There’s no guarantee that any such spaces will exist, though, so if you live within HISD, we strongly recommend that you submit your applications on time so as to be considered in the general lottery. However, if you live outside of HISD, you lose nothing by trying your luck with the third lottery, so long as you have a solid back-up plan in place.
For the sibling lottery and the general lottery, parents will be notified of their children’s rankings on or before March 24.
Waitlists, Acceptances, and Committing to a School
By March 24, you will have received notice of your child’s ranking from every school to which you applied. There are two possible scenarios at this point: either your child has been accepted to one school, or your child has been waitlisted at every school.
If your child is waitlisted for every school - which is unlikely, but possible, if you apply to a varied range of programs - don’t despair just yet. With the exception of the ten most coveted schools in all of HISD, the top 40 ranks or so of the waitlist are likely to be offered admission when students ranked ahead of them choose other schools. At some of the less sought-after middle schools, the first 80 or more waitlisted students are likely to be admitted, and many high schools will ultimately offer admission to more than 100 waitlisted students. So it’s quite reasonable to hold out hope for eventual admission to a waitlist school. However, it’s also wise to weigh other options during this time, especially if your child is in elementary school or is ranked below the probable admission range for middle and high schools.
If your child has been accepted into a program, congratulations on your good luck! Of course, it’s possible that the school to which your child was accepted wasn’t your first choice. If you’re hoping for an eventual offer of admission from one of your waitlisted schools, should you still accept the offer you already have? Actually, yes. In a stark contrast to the college admissions process, school commitments are non-binding during the acceptance period. If you receive an offer from a school that you like better, simply tell the original school that you’re accepting a different offer and register your child at the second school.* As long as all of the necessary paperwork is filled out by the deadline of April 4, you’re fine. Of course, you don’t have to accept the initial offer of admission immediately, especially if you’re near the top of the waitlist for a school you would prefer. But if you do, rest assured that you can change your mind.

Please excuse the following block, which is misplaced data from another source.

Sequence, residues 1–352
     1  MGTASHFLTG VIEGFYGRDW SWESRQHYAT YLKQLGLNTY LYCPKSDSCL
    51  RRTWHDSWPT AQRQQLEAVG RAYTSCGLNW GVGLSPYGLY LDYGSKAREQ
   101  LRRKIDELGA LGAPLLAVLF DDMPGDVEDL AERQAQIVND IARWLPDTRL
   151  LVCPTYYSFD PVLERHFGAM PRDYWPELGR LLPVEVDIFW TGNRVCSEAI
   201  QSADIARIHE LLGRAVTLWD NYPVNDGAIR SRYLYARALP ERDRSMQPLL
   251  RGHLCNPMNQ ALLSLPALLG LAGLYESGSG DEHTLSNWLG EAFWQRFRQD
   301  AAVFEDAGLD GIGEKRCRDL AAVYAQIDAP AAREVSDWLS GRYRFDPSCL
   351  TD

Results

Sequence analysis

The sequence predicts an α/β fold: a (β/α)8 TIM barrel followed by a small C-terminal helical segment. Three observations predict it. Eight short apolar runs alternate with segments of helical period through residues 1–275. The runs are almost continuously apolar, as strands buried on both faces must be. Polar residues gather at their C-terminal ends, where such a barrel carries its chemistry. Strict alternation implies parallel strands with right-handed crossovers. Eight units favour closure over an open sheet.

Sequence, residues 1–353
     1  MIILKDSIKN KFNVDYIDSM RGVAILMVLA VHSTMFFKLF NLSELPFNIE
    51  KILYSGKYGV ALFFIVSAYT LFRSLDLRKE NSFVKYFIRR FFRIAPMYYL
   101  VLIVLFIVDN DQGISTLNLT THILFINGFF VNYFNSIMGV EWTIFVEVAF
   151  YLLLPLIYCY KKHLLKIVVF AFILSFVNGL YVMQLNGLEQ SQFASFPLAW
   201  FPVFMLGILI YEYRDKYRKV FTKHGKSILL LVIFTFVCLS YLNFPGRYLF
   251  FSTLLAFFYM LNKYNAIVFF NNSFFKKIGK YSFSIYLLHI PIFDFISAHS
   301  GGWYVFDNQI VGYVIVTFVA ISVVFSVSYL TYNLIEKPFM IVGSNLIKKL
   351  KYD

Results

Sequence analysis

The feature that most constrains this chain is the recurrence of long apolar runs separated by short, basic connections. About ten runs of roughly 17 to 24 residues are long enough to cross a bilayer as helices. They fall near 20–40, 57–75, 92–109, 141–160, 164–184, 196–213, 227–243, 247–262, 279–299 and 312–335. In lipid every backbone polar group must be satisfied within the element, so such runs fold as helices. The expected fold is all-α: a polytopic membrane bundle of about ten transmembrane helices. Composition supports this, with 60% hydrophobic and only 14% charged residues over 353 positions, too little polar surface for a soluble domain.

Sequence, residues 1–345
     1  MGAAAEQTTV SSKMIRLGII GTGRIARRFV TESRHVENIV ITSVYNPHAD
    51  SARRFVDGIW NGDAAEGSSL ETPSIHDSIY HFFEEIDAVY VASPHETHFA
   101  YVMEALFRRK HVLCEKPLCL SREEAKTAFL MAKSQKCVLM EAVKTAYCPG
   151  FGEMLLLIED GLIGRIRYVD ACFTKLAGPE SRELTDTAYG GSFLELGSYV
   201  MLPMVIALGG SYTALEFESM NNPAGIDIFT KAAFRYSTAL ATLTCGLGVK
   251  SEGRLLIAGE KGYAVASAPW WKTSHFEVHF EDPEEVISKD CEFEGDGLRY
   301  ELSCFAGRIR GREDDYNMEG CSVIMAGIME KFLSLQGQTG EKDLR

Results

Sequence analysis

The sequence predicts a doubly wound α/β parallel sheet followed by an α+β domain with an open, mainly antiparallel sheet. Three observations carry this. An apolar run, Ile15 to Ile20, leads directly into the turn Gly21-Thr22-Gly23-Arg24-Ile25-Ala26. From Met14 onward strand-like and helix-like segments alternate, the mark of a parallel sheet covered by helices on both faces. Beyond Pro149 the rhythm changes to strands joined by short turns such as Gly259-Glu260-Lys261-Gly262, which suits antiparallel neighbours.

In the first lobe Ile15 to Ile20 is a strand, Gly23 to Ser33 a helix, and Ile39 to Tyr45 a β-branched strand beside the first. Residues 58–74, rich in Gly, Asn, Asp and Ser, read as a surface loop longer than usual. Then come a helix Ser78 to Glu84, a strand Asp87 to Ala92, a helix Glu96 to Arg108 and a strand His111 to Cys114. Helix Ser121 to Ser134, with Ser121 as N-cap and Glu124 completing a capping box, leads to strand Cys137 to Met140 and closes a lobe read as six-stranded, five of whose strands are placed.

If your child is accepted to multiple schools, many congratulations! You have quite literally won the lottery. What now? If only one of the acceptances came from a top-choice school, then the path forward is fairly clear. You can commit to your top-choice school and celebrate your good fortune. Before doing this, however, it’s a good idea to weigh all of your options and make sure you’re absolutely sure that that school is still one of your top choices. Carefully considering your options is important because accepting an offer at one school will cause your child’s other original offers to automatically be rescinded. Waitlist rankings will remain unchanged, and you will still be able to switch to a waitlist school if your child is offered admission there, but any other schools at which your child was initially accepted will be off the table.
*It’s very important that you notify the original school and receive confirmation from them before accepting the new offer of admission. If you attempt to accept an offer of admission while you are already registered in HISD’s online system as having accepted an offer at another school, the system may reject your acceptance and automatically remove your child from all accepted students lists.
Registering at Your Child's New School
When you have selected an offer to accept, you must register your child for that school by the acceptance deadline of April 4 in order to secure your child’s space in the program.
To register your child, follow the “Accept” link in the offer of admission for your desired school. This link will take you to an entrance agreement form. After electronically signing the form, print it out and bring it to your child’s new school, along with proof of HISD residency and any other documents requested by the school, to complete the registration process. (For more information about the materials schools typically request for registration, see the page on zoned student registration.)
If you are offered admission after the third-round lottery, you will follow this same process, but at a correspondingly later date - administrators will advise you of any deadlines.
When you’ve completed registration, you and your child can have a wonderful summer and look forward to a great education in the fall!
If you have questions this guide didn’t answer, ask other parents in our forums, or check out HISD's School Choice Blog.
If you have school-specific questions, it may be best to contact the school’s magnet coordinator directly.
For other questions that cannot be answered by the existing online resources, you can ask a school magnet coordinator or contact the HISD Office of School Choice.
For more information about individual schools’ magnet programs, we encourage you to read our school profiles and visit schools’ websites. For more information about what kinds of programs are available, check out HISD’s overview of program types and our in-depth descriptions of the Montessori and IB K-12 curricula.
Article last updated October 19, 2015
Join the Discussion